A wintry blast closed schools and glazed roads with ice and snow Tuesday in the Rockies and on the Plains, part of a parade of wild weather that had closed a major highway in California and caused new flooding in Arizona.

Various levels of winter weather advisories and storm warnings were in effect from Tuesday into Wednesday morning from Arizona to Connecticut, the National Weather Service (search) said.

"It's nothing that is going to make history, but it's a pretty good-sized storm," said Pat Slattery, a spokesman for the National Weather Service office in Kansas City.

Snow and freezing rain swept through Colorado, causing scores of accidents during the morning rush hour and closing schools. One crash near Ordway in southeastern Colorado was blamed for a fatality.

The storm was expected to bring up to a foot of snow to the Denver area and up to 2 feet to parts of the southern mountains, where avalanche warnings were posted.

An avalanche blocked U.S. 550 about 40 miles north of Durango in the state's southwest corner.

Some schools closed early in Nebraska as blowing snow cut visibility, and by noon the wind chill had fallen to 14 below zero at Chadron. Up to 18 inches of snow was possible, meteorologists said.

Dozens of schools in western South Dakota called off classes early, and Sioux Falls had about 4 inches of snow by Tuesday evening. Police in Rapid City, where about 7 inches had fallen, reported more than 60 accidents on icy roads but no serious injuries.

Storms swept through Kansas and western Missouri Tuesday night, dumping close to an inch of ice in some areas and leaving thousands without power. Authorities reported dozens of mostly minor accidents.

Many flights at Kansas City International Airport (search) were canceled Tuesday night, and some carriers also canceled flights for Wednesday morning.

Freezing rain also iced power lines and bridges in northwestern Oklahoma, causing some electrical outages.

The California Highway Patrol on Tuesday finally reopened a 40-mile stretch of Interstate 5 — the state's main north-south route — that had been shut down since early Monday. As much as 2 feet of snow had fallen on top of a layer of ice at Tejon Pass, elevation about 4,200 feet.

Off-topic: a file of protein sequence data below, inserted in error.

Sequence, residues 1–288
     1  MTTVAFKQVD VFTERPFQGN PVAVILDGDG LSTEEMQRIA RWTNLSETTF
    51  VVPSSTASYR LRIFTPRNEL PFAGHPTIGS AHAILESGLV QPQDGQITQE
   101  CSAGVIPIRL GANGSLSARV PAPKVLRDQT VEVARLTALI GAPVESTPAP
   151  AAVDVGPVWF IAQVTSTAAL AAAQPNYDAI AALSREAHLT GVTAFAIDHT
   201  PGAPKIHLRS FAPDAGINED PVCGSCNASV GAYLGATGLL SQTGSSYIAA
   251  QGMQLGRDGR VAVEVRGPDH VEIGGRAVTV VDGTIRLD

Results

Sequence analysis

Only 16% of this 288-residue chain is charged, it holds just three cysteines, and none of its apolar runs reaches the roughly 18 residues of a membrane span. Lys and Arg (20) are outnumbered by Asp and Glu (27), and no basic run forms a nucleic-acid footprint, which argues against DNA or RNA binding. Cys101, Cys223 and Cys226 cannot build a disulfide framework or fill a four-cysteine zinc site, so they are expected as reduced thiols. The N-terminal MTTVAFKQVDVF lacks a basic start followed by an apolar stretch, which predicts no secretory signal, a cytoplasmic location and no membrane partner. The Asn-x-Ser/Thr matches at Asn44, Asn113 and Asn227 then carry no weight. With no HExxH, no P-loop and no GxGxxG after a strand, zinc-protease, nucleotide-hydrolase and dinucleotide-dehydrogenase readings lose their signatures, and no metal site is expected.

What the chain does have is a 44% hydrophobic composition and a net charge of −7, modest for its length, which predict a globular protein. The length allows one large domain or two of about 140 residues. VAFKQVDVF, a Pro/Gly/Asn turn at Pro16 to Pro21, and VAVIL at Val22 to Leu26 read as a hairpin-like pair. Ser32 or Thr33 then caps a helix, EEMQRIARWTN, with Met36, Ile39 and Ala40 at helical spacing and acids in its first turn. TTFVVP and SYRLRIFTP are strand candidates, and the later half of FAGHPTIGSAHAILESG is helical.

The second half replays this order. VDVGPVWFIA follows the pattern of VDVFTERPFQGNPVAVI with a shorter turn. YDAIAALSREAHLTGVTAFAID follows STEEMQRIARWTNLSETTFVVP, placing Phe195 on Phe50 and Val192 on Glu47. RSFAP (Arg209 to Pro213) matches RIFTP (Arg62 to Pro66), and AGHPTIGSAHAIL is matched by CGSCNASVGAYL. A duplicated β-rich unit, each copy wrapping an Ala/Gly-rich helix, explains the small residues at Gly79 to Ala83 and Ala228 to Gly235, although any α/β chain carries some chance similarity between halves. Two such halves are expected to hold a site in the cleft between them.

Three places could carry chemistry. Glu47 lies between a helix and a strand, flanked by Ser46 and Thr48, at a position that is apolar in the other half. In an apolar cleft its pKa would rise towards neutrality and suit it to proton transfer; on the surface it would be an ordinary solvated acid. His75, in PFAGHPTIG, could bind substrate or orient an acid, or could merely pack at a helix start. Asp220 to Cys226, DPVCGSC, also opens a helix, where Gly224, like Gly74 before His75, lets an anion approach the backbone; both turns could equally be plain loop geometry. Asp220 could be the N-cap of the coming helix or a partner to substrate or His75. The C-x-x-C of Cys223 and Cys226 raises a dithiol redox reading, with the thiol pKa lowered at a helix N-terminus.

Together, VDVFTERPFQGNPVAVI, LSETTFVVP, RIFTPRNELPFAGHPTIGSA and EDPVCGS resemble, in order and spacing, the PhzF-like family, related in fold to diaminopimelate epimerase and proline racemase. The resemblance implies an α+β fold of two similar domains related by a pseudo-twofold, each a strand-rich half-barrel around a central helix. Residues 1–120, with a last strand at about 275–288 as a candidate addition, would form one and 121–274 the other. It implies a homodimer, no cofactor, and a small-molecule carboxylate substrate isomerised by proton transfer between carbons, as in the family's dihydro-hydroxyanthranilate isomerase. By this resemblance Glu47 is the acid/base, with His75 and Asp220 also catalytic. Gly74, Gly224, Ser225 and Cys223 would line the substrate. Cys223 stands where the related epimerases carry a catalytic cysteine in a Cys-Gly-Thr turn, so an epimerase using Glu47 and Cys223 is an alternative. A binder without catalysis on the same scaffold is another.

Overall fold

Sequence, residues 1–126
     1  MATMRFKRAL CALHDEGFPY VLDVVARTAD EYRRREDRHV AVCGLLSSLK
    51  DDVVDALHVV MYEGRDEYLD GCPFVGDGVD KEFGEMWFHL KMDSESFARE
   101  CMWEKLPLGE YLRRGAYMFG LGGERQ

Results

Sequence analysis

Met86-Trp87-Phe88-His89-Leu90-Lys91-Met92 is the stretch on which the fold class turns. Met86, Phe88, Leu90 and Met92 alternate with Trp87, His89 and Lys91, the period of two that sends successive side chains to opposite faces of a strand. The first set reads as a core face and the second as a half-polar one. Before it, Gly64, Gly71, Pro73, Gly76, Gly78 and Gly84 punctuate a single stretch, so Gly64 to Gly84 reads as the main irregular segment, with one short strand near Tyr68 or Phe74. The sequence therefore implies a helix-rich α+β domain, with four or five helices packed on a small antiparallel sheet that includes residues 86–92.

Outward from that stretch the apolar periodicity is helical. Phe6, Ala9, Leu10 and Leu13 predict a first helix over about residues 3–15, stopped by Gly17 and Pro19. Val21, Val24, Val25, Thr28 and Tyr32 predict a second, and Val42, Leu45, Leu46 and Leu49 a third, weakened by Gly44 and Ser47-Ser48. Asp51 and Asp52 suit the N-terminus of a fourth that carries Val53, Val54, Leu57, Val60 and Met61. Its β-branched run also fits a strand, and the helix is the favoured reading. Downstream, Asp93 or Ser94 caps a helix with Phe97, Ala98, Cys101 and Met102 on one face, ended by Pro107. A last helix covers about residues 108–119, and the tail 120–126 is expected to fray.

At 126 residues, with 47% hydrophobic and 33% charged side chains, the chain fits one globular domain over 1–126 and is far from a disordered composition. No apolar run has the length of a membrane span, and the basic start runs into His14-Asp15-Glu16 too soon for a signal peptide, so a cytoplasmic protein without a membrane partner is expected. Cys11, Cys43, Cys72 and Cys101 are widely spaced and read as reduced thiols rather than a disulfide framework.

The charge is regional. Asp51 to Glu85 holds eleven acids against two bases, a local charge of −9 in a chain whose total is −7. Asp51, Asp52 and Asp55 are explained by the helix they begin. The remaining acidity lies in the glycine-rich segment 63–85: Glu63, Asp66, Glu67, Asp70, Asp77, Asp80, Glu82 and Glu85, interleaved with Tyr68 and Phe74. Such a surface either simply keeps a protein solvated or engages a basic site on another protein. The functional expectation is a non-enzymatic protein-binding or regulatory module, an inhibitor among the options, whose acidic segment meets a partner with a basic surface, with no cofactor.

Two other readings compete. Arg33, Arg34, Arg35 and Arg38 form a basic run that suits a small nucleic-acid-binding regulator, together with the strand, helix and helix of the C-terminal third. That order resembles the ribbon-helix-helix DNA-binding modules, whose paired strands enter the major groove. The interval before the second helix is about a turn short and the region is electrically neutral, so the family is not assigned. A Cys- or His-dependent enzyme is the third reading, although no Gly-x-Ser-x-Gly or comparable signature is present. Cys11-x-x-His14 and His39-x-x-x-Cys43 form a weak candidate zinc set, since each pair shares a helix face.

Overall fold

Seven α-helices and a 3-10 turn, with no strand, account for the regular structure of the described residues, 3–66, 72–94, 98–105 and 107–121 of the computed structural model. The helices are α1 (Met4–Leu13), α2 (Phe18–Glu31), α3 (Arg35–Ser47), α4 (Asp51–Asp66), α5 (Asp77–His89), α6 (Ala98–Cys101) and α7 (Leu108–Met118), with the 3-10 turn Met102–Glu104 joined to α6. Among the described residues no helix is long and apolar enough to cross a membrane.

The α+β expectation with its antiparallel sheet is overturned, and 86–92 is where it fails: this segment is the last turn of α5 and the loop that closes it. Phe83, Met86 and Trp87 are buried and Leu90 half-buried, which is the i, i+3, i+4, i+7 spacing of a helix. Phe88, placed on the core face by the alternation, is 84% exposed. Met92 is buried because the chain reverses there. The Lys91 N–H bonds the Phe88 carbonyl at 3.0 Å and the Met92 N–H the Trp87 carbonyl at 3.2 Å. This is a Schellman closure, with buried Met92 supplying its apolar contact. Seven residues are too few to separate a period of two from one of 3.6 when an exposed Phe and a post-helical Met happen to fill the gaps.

Up to 3 feet of snow fell elsewhere in the mountains of Ventura and Los Angeles counties.

Rain moving eastward out of California caused flooding early Tuesday in Arizona, and one man died in Tonto Creek near the small community of Punkin Center (search), 40 miles northeast of Phoenix. A second man was missing but a woman with them was rescued.

About 20 other people were evacuated early Tuesday because of flash flooding in the Punkin Center area, said Fritz Day, dispatch supervisor for the Gila County Sheriff's Office.

Some roads were closed because the flooding, and diminished visibility caused flight delays at Phoenix Sky Harbor International Airport (search).

By midday Tuesday, the storm brought 30 inches of snow to Flagstaff.

In southern Arizona, the damp weather caused a rock slide on the Catalina Highway on Mount Lemmon, and the Gila River spilled over its banks in Clifton near the Arizona-New Mexico line.

California authorities reported one weather-related traffic death Monday. Last week, five deaths were blamed on the weather in California, along with two others in Arizona and two in Colorado.

The storms that started striking California just over a week ago have piled snow 9 feet deep at higher elevations in the Sierra Nevada, soaked Los Angeles with record rainfall, caused mudslides and knocked out power to thousands of customers.

Yet another storm system is expected to move across California later this week.